The Progressive


A project of Common Dreams

For Immediate Release

Jenn Ettinger, 202-265-1490 x 35

Free Press Files Amicus Brief in Supreme Court Case on Corporate Personhood

Corporations Cannot Claim 'Personal Privacy' Privileges Under the Freedom of Information Act


Yesterday, Free Press filed an amicus curiae (friend of the court)
brief in FCC v. AT&T, Inc., which will be heard by the Supreme Court
on Jan. 19, 2011.

The case asks the Court to decide whether corporations may claim
"personal privacy" rights when trying to prevent mandatory disclosure of
documents under the Freedom of Information Act. FOIA requires that the
government release agency records to anyone who requests them, unless
those documents fall under one of several exemptions.

Before the FCC and in the Court of Appeals, AT&T argued that the
Federal Communications Commission should not disclose records of an FCC
enforcement proceeding because AT&T has a personal privacy interest
in protecting its corporate reputation under FOIA Exemption 7(C). This
exemption states that law enforcement records need not be disclosed if
their release "could reasonably be expected to constitute an unwarranted
invasion of personal privacy." The Third Circuit Court of Appeals
agreed with this interpretation, and the FCC petitioned for and was
granted certiorari in the Supreme Court.

Aparna Sridhar, Free Press policy counsel, made the following statement:

"A 'corporate personal privacy' right is simply an oxymoron. In this
case, AT&T seeks to extend a deeply held individual right to the
artificial corporate form. We have always recognized our privacy rights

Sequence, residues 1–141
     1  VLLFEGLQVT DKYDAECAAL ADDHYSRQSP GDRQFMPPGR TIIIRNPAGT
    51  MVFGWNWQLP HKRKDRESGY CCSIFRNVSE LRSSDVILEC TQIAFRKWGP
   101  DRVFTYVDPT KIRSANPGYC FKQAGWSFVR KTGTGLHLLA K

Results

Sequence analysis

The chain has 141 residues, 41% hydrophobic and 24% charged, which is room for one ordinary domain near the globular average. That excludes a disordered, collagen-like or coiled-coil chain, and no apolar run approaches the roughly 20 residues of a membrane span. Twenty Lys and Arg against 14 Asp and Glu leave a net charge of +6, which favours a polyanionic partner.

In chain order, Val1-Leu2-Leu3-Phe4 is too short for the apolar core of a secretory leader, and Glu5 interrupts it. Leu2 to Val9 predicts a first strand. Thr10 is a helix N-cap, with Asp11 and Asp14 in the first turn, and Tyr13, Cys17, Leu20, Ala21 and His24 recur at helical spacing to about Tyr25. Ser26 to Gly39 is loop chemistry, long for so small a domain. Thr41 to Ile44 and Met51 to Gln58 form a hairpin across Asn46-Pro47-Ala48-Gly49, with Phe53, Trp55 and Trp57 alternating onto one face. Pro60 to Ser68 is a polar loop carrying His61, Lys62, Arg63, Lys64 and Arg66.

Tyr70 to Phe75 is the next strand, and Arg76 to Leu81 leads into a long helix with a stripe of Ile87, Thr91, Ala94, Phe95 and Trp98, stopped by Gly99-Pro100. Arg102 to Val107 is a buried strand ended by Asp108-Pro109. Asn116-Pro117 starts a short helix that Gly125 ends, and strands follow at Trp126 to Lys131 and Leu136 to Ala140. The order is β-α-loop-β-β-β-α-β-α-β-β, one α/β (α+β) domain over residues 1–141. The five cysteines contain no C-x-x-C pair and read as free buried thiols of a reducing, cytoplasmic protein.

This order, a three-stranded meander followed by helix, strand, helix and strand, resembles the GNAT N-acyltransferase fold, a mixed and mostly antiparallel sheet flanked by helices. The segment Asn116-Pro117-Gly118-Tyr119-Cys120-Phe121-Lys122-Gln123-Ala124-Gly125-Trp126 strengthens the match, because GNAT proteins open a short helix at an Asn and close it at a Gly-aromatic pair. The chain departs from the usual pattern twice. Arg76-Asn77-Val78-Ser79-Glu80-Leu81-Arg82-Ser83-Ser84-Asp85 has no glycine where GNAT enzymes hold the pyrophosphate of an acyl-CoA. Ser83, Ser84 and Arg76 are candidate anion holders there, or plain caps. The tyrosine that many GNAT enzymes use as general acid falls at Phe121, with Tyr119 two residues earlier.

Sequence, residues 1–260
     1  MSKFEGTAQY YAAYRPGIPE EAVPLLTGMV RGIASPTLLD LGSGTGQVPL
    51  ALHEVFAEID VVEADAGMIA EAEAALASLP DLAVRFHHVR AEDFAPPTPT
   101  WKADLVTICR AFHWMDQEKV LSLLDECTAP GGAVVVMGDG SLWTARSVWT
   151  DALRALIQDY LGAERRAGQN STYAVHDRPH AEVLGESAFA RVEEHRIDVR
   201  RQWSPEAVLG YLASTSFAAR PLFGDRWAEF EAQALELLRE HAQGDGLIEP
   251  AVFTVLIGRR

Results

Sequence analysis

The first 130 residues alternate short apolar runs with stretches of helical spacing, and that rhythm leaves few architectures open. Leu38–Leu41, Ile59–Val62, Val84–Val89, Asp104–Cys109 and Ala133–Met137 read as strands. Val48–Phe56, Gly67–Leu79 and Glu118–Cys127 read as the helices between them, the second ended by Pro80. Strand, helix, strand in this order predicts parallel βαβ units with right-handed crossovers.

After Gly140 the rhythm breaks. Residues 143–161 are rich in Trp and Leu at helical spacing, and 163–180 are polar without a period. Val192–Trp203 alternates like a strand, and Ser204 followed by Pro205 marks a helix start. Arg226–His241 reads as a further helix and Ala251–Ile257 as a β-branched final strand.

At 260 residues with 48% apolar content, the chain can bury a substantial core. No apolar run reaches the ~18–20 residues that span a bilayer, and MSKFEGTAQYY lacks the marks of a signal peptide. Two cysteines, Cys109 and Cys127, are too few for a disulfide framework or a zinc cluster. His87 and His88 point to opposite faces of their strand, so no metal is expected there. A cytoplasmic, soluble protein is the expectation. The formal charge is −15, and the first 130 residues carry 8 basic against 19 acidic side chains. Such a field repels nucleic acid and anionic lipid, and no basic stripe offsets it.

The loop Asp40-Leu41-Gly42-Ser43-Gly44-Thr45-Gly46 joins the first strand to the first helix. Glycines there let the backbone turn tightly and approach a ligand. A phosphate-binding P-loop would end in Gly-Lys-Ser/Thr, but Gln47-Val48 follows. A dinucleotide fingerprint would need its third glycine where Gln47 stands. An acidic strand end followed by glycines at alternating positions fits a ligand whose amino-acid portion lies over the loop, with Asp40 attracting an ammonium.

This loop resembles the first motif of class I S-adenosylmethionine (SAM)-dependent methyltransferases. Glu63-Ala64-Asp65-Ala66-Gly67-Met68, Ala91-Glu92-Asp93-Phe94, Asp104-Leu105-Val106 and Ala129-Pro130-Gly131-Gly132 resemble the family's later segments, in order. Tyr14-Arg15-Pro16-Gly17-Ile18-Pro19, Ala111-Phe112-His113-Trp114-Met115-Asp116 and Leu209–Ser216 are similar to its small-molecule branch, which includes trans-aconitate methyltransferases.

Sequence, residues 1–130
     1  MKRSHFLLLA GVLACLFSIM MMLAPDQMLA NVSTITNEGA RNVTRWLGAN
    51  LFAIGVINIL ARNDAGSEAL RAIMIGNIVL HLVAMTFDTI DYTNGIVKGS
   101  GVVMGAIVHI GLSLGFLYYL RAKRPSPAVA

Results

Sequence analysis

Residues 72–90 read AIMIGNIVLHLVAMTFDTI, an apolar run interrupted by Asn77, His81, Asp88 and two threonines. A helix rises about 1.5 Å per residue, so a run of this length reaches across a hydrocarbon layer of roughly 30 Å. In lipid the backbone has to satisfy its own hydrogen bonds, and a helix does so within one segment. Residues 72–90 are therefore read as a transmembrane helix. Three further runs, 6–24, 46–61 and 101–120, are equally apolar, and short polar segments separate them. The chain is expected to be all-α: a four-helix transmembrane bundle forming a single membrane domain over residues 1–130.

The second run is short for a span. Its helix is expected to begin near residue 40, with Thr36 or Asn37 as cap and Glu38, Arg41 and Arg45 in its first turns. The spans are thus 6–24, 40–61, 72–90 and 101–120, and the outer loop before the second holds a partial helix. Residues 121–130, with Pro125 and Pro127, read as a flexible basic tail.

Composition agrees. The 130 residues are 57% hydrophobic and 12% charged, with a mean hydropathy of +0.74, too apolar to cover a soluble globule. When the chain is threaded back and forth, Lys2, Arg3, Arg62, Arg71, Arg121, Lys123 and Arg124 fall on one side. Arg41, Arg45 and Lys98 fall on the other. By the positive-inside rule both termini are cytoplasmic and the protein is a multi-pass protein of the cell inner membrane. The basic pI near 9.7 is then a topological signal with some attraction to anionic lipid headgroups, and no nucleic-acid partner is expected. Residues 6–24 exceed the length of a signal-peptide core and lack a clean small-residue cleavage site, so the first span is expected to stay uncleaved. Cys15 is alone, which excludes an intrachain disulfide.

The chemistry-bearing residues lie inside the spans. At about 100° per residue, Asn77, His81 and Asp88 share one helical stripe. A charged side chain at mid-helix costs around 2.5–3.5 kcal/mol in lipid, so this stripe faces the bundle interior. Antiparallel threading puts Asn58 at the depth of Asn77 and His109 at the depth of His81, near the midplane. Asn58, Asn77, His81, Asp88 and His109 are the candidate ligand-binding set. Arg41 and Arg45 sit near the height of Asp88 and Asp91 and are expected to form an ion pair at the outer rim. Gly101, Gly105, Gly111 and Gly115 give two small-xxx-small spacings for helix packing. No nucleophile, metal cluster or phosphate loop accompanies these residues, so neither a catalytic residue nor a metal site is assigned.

to be grounded in notions of fundamental human dignity and autonomy, and
we should not deploy these rights as mere tools to promote corporate

"There is a significant cost to withholding enforcement records from
public disclosure that is mandated by the law. The public has a right to
know when large corporations are violating the laws that govern their
business practices, and what the FCC is doing to enforce those laws and
protect the public. Granting AT&T a personal privacy right would
dramatically undermine much needed transparency on both of these fronts.

"The Court should take the opportunity to restore the privacy rights
embodied in FOIA as a shield for vulnerable individuals rather than a
sword for large corporations."

The docket number for the case is 09-1279. A link to the brief is here:

Free Press was created to give people a voice in the crucial decisions that shape our media. We believe that positive social change, racial justice and meaningful engagement in public life require equitable access to technology, diverse and independent ownership of media platforms, and journalism that holds leaders accountable and tells people what's actually happening in their communities.

(202) 265-1490